Govt tells states to collect biometrics from Rohingyas India news

The government of the Union has asked states to identify Rohingya's, record their biometric data and send them to them, Interior Minister Rajnath Singh said in Kolkata during his visit to the city for the 23rd Eastern meeting. Zonal Council to attend on Monday. hard against illegal immigrants.

"Opinions have been issued to states, they have to identify the Rohingyas, take their biometrics and send us a report, the center will take action with Myanmar through diplomatic channels and solve it," Singh adds.

Singh previously described the Rohingya & # 39; s as illegal immigrants and asked other parties not to politicize the government's efforts to identify them. He told BJP workers last week that the Rohingya & # 39; s were as far away as Kerala.

New Delhi has refused to recognize the Rohingya & # 39; s from Myanmar as refugees and wants to undermine their presence and spread across India. She welcomed the government of the Trinamool Congress in West Bengal. Last year, the Prime Minister of West Bengal, Mamta Banerjee, said that she supported the United Nations request to help the Rohingya & # 39; s. Last month, the then Border Security Force Director General KK Sharma had said that West Bengal was "mildly friendly" the Rohingya & # 39; s.

The BSF has refused to speak about the biometric initiative because it has to be implemented by the governments of the state.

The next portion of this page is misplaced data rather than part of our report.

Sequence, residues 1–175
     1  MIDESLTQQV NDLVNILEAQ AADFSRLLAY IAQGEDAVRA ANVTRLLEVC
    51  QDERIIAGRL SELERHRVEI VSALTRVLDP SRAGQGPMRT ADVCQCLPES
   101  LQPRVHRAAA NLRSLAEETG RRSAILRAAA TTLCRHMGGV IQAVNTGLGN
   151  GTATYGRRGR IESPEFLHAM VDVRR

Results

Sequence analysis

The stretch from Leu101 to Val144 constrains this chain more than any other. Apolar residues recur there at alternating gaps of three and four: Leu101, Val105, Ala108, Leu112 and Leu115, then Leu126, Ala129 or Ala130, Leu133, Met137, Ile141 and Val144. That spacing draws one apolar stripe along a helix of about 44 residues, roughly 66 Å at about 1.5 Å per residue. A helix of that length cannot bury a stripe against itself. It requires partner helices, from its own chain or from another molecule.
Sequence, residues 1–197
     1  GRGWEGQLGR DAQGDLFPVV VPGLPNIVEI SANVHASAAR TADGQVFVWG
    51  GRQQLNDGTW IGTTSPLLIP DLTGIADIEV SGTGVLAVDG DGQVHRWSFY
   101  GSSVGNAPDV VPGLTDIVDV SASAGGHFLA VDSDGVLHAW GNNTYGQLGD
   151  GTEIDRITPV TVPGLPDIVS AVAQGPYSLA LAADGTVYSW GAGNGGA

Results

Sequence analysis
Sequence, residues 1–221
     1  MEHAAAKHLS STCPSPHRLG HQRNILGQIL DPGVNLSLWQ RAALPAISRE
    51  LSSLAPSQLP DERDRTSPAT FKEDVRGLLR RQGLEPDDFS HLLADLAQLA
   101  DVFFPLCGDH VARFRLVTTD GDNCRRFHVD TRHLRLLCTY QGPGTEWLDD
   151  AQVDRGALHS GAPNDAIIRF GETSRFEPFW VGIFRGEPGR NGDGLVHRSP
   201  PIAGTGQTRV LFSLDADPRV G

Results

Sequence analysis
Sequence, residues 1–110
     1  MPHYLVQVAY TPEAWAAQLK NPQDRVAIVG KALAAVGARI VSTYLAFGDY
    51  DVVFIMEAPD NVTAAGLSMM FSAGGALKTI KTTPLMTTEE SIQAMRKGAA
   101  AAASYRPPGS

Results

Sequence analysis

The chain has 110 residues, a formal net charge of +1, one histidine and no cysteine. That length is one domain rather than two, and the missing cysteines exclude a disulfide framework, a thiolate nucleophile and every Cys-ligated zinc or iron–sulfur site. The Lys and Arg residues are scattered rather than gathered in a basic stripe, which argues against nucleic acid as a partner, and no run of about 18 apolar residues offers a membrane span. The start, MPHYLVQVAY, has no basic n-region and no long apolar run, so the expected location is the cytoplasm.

Interestingly, Banerjee was present at the meeting with Singh at the state secretariat. Other participants were Jharkhand, the main minister, Raghubar Das, the deputy prime minister of Sharil Kumar Modi, Odisha and the finance minister Sashi Bhusan Behera.

On 14 September, Mamata Banerjee expressed his support for the Rohingya & # 39; s and tweeted: "We support @UN's appeal to help the Rohingya people, we believe that all ordinary people are not terrorists. really worry. & # 39;

Senior lawyer Colin Gonsalves, who represents one of the Rohingya groups who have thwarted the Supreme Court against the deportation plans of the government, criticized Singh & # 39; s announcement. "The government deals with Rohingya's, who according to the United Nations are victims of genocide, as if they were criminals, and plans to give them back at a time when the UN has strong premature attempts to send them back. criticized because it is not safe and there is not enough land to rehabilitate them in Myanmar, "he said.

Ranjit Sur, vice president of the Association for the Protection of Democratic Rights, the largest human rights organization in Bengal, said: "The Center's approach is inhumane, which can lead to the arbitrary collection of biometric data from Muslims, including the return of Rohingya & # 39; s to Myanmar is likely to put their lives in danger, they left their country because they felt insecure, and we will oppose such initiatives. "

First published: 01 October 2018 23:02 IST

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